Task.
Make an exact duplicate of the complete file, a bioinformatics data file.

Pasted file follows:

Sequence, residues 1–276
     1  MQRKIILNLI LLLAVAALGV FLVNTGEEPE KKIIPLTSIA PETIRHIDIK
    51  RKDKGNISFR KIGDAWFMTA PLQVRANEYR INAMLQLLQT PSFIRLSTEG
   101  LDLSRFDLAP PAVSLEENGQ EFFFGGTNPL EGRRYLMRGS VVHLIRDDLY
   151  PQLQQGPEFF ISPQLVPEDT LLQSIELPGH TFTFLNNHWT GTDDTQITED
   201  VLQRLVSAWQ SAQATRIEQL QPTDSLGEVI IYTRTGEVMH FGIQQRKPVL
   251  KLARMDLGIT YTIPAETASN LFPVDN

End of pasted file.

Sequence, residues 1–276
     1  MQRKIILNLI LLLAVAALGV FLVNTGEEPE KKIIPLTSIA PETIRHIDIK
    51  RKDKGNISFR KIGDAWFMTA PLQVRANEYR INAMLQLLQT PSFIRLSTEG
   101  LDLSRFDLAP PAVSLEENGQ EFFFGGTNPL EGRRYLMRGS VVHLIRDDLY
   151  PQLQQGPEFF ISPQLVPEDT LLQSIELPGH TFTFLNNHWT GTDDTQITED
   201  VLQRLVSAWQ SAQATRIEQL QPTDSLGEVI IYTRTGEVMH FGIQQRKPVL
   251  KLARMDLGIT YTIPAETASN LFPVDN